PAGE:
Sunday, September 27, 2009

Never Judge a Show by its Pilot: The Jay Leno Show

First impressions:
This is the most talked about new show amongst my circle friends and colleagues. Most of the conversations have nothing to do with the show itself but the show's overall impact on television. As I mentioned in my article Fall 2009, “Reality and talent competition shows are taking over and it is not because the scripted shows are bad... well not all of them are bad. It’s not because viewers aren't watching them. It is because they cost too much (Meaning reality and talent competition shows are cheaper to produce). Shows are being canceled for purely economic reasons. Perhaps that is why some shows would disappear then reappear with little fanfare. Then the network's bean counters can say, "Look, we put the show back on and nobody is watching it. CANCELED!"”
The success or failure of this show will have an impact on TV as we know it and for that reason it is going to be hard for me to be impartial when watching the show.

I saw the press conference that NBC held to announce Jay's new show (It's Official: Jay Leno to Get New Show on NBC). Jay opened with a few jokes to lighten the mood but also brought home three important points:
1, He had never planned to retire.
2, He does not have a feud with Conan O’Brian.
3, The new show will have some of The Tonight Show elements like a monologue, Jay Walking and Headlines.

Once the floor was opened for questions, many members of the entertainment press kept asking Jay the same three questions over and over again.
1, Why did you decide not to retire?
2, So are you getting along with Conan O'Brian?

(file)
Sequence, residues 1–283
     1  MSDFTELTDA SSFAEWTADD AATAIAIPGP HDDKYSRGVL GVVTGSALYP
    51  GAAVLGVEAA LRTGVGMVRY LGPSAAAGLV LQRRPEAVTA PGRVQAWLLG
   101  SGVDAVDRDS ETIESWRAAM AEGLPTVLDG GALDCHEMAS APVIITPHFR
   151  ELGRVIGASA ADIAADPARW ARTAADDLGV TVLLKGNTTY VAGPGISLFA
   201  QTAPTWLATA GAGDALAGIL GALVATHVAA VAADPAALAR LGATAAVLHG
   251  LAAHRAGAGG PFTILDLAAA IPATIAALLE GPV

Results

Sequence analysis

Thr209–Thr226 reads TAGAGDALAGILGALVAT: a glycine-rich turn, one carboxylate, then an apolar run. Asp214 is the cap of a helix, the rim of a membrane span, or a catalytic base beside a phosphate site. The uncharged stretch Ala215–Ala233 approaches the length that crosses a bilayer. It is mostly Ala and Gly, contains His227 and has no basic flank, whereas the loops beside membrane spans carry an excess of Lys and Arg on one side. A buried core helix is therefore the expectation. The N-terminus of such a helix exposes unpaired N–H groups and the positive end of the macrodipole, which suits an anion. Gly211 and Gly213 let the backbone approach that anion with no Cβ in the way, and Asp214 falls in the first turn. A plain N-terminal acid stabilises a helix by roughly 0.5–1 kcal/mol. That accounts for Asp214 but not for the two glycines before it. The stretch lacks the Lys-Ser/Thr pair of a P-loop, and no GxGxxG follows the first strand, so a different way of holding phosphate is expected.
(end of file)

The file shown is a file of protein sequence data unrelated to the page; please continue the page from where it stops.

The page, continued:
3, What are you going to do on the new show?

Not only did Jay already answer these questions in his opening remarks, many entertainment reporters kept repeating the same questions, some actually brought their own cameras and spotlights to shoot themselves asking those already asked questions and Jay patiently answered those same questions over and over again. The entire endless loop of a press conference, with the repeated questions, was aired on NBC’s News Raw where Jay came off looking better than the network executives on stage with him and the entertainment press in front of him.

I realize that the members of the entertainment press will be asking the fluff questions that are usually no more complicated than "Who you wearing?", but once the fluff questions were asked:
a) They should not be asked again.
b) The reporters should have to go to different, more serious or dare I say a hardball questions.

No one asked about how Jay's show will have an impact on television, about all the thousands of industry jobs that would be lost if the show is successful or even if the show will have a negative impact on The Tonight Show with Conan O'Brien. Jay is a big boy and has had to answer tougher questions from the press over the past thirty years (I'm Dying Up Here by William Knoedelseder).